Photo by Sophie Brown
Join the Wondertwins for an Amazing Hip Hop Journey. An evening of Love, Vaudville, Hip Hop and a story of two artists that speaks to our time! Friday September 29th 730pm @ The Latchis Theater Tickets are on sale now!
A Note from the Performers!
“Our work contains the technical facility of hip hop, the sophistication of the glory days of the Cotton Club, the flash of Rat Pack era Las Vegas, and elements of vaudeville, robot, tap, and mime. This is the style we have created that is distinct to us. Our soundtrack for each performance takes just as much thought and research as the physical dance itself, it is eclectic and unexpected. Our work offers a kaleidoscopic view of AfricanAmerican entertainment traditions.
We have been educators for 20 years (not only dance educators) and this is just as important to us as being dancers. For us, those two vocations go hand-in-hand and work together very well. We use dance as a platform to educate our audience and we also teach dance to youth to give a different kind of education. Street dance is simultaneously educational and entertaining. We include both the educational and entertainment aspects of street dance in our performances and workshops for kids.
Teaching children has given us the opportunity to express who we are and the values we follow. The values and principles we teach youth every day, we model ourselves, it sounds cliché but we do practice what we preach. When working with our students we get to share stories of success and failures that we have experienced through life and dance. We use these stories to demonstrate positivity through a sense of pride and dedication.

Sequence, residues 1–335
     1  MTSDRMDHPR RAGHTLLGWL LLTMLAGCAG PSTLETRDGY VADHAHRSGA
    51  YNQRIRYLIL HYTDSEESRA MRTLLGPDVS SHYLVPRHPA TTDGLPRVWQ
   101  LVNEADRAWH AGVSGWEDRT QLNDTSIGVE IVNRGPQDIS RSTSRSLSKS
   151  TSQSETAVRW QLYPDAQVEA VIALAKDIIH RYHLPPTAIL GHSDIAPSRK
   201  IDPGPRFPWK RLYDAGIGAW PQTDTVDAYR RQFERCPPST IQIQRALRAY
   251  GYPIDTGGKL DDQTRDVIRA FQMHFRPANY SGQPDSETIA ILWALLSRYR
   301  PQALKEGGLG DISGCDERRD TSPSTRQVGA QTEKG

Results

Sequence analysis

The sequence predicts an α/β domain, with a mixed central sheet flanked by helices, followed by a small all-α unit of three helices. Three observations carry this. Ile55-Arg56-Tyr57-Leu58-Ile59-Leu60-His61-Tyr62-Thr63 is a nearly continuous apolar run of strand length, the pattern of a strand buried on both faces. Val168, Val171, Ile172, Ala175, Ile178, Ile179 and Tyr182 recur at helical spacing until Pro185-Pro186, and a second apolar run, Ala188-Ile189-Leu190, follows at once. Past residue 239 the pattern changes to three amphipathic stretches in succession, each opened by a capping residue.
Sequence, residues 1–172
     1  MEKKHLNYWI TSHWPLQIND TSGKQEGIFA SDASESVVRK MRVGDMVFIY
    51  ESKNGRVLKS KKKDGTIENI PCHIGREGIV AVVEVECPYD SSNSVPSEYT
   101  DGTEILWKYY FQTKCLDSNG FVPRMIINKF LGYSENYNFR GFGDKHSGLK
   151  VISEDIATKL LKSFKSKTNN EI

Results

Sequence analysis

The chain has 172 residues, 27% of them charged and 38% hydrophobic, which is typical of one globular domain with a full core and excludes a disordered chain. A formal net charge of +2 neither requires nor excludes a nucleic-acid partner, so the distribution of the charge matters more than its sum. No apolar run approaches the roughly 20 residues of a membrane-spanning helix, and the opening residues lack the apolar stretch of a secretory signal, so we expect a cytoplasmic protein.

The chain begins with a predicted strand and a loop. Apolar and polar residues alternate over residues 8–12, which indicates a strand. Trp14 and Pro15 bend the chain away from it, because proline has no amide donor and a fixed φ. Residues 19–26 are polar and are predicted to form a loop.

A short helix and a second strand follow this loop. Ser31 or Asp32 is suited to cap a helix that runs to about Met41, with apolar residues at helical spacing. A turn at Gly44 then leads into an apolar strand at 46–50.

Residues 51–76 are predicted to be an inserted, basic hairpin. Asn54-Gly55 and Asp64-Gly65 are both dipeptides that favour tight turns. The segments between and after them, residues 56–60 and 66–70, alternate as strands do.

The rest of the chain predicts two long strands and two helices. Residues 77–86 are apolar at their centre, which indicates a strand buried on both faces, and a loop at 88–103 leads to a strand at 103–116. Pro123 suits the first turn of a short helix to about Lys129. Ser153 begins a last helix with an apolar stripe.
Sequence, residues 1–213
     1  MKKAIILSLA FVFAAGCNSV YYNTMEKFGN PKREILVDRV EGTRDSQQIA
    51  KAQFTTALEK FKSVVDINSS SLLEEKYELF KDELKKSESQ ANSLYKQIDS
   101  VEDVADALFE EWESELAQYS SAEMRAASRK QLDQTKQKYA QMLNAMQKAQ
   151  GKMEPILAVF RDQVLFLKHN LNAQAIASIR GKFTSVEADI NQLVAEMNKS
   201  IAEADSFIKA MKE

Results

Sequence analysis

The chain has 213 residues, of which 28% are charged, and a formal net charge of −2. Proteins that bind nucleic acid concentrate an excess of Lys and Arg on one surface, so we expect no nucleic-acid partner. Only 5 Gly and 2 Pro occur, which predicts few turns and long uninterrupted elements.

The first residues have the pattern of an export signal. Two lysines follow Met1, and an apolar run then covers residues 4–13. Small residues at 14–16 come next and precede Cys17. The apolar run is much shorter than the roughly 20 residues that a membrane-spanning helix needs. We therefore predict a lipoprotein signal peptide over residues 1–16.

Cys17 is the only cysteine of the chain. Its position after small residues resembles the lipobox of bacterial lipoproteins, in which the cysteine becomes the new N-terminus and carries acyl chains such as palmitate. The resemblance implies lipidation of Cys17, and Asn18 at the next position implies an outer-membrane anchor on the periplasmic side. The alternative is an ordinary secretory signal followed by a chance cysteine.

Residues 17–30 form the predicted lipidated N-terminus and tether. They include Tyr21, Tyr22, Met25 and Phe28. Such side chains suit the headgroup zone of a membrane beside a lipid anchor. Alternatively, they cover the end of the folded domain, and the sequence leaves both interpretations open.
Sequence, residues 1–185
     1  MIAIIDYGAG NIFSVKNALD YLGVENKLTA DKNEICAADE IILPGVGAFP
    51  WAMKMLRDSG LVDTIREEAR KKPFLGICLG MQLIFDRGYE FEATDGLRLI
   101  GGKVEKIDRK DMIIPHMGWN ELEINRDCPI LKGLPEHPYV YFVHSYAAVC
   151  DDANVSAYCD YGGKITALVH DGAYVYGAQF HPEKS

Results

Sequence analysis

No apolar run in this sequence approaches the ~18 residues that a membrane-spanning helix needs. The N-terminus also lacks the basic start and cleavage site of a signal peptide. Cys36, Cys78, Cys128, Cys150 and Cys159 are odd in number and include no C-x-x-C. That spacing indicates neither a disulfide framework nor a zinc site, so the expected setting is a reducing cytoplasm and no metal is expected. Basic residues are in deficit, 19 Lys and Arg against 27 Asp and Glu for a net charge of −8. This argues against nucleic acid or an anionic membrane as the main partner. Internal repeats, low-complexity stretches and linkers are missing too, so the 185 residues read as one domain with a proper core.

With any form of dance you must start with learning the foundation first. This gives you a true understanding of the art form before you build upon it. A strong, technical and historical foundation is as important when learning hip-hop dance as it is when learning other styles of dance; tap, jazz, ballet, and modern. Unfortunately the new generation of hip-hop dancers and their teachers neglect this foundation and don’t believe it’s necessary to their development as artists. We have that technical and historical foundation, and we teach it. Hip-hop is not only a personal style of dance; it’s a culture with 4 basic elements: DJing, graffiti, emceeing, and break-dancing. When people watch us dance, we want them to see what
hip-hop really is.
When we create, we ask ourselves- 1. Will the audience be engaged emotionally? And 2. Are they having a sensory experience? No matter how different each piece is these two questions are the common thread in everything we create. As black men, we aim for our pieces to give audiences a different perspective of what they currently see as “hip-hop” on TV, in music, and social media. As said above, street dance is something that is simultaneously educational and entertaining, and that is what each piece is like for us. It’s bigger than the actual act of us dancing. We hope that our art inspires conversations and questions about the deeper ideas in our pieces, not just the physical act of us dancing. We want our work to inspire other people in their own lives. As we grow personally and professionally, our art follows that growth.
Billy and Bobby”
The Program To Hip-Hop, with Love is three seperate pieces:
Broadway to Hip-Hop
Sounds of Movement